What could’ve been a schmaltzy and easy meta-movie about a former star surging back for an unexpected dramatic triumph has arrived fully-formed as Aronofsky’s best film since Black Swan, the best and most nuanced film about what it means to be a “good person,” a conversation that really picked up around the 2016 presidential election. What could’ve been a significant misstep for The Whale is its incidental setting during the 2016 Republican primaries, but unlike Sean Baker’s Red Rocket and others who have shoehorned in Trump’s election in lieu of quality writing, there are only two brief mentions of the primary in The Whale, both from Charlie’s television and never mentioned by any of the characters. It’s so minor that if you go to the bathroom at the right time, you’ll have no idea when this movie takes place.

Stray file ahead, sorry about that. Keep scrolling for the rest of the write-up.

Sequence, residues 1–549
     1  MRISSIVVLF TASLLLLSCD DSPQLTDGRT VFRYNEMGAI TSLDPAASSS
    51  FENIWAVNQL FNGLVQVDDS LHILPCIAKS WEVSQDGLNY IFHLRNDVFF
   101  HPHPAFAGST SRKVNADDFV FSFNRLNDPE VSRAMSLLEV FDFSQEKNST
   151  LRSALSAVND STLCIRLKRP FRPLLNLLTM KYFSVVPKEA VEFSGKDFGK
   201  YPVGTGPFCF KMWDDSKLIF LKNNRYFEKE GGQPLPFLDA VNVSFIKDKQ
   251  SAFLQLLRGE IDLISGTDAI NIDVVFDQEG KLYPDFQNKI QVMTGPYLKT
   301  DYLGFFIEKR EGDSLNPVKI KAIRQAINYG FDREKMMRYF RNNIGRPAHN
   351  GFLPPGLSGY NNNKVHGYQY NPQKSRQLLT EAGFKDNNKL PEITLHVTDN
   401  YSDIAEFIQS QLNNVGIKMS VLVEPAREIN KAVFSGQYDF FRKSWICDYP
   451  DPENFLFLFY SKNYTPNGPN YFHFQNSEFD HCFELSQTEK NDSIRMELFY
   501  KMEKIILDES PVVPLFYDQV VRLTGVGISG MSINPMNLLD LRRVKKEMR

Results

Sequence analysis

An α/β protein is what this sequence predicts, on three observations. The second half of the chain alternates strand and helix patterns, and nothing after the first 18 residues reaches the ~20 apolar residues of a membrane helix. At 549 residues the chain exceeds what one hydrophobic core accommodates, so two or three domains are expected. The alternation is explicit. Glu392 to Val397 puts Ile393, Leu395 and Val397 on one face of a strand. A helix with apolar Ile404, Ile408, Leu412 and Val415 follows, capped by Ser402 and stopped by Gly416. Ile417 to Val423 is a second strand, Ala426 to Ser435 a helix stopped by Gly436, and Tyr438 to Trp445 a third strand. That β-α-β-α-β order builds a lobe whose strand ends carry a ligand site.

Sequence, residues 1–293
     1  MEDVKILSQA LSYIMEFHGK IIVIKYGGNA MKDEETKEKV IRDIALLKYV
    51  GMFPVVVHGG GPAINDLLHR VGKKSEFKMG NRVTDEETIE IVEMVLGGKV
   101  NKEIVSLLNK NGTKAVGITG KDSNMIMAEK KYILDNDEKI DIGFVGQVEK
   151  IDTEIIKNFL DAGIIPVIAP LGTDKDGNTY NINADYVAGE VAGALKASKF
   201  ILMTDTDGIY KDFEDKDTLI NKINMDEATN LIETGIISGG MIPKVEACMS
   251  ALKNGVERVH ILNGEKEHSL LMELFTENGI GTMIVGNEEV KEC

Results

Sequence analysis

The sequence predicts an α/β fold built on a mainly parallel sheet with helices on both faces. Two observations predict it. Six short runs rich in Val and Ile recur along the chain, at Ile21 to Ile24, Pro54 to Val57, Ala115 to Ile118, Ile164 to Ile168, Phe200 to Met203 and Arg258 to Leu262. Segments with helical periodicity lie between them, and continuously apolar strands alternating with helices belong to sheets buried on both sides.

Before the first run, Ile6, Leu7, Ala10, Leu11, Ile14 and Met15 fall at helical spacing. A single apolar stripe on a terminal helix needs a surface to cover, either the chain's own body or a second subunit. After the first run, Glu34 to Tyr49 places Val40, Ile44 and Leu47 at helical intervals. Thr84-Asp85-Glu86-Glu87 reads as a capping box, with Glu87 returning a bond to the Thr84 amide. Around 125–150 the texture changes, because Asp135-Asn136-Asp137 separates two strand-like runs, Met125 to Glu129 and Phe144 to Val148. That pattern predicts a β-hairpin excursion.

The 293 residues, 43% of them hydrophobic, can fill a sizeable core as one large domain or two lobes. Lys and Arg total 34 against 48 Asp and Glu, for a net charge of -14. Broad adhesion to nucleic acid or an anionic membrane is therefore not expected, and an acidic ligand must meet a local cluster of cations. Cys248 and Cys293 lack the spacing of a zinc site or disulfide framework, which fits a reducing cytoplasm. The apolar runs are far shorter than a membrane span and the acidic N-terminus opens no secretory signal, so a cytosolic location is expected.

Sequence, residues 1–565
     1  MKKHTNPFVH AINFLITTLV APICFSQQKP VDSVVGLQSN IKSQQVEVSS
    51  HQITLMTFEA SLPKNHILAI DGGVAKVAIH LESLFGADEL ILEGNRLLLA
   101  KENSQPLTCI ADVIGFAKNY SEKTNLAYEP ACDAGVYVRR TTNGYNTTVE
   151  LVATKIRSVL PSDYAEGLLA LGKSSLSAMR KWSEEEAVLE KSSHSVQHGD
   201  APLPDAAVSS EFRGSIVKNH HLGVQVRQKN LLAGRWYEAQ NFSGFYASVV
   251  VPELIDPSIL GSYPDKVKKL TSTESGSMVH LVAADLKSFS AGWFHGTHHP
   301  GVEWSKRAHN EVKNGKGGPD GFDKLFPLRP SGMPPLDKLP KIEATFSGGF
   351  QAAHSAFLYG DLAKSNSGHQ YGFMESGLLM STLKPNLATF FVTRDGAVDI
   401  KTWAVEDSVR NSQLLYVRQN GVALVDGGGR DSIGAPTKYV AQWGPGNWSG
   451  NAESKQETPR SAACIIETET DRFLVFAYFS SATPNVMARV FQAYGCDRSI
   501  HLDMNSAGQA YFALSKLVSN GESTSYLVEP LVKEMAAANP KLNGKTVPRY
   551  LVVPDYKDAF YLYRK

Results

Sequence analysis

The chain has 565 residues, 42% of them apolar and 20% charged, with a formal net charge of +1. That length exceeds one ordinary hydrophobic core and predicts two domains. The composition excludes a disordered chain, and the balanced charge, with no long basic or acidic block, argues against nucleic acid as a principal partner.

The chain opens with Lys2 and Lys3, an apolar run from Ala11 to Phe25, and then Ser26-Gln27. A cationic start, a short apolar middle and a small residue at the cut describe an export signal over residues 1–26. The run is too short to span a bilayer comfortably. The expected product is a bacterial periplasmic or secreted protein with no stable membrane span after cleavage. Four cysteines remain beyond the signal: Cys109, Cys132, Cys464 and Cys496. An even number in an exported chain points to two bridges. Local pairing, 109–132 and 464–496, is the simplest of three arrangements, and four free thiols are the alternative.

Sadie Sink is astonishing as Ellie, who comes back into Charlie’s life roaring, calling him a “fat faggot” who left her and her mom to run off with one of his students. “It was night school, Ellie, we waited until the course was over…” Charlie speaks with the sadness and clarity of someone who knows they’re about to die; more accurately, someone who knows they’re about to die by suicide. Everyone in this movie is constantly screaming at Charlie, berating him to take better care of himself, to go to the hospital, to stop doing this or that. But Charlie knows, and probably knew right when Alan died, that he was already dead, too. Every word of his is perfectly pitched, measured and honest and humble, the kindness of someone who has nothing left to lose and everything to give away. He wants Ellie to have $120,000 he’s saved up, money he never told Liz about—“I COULD’VE GOTTEN YOU A SPECIAL BED!” No, he says: that money was for Ellie. “I just need to know that I did one good thing in my life.”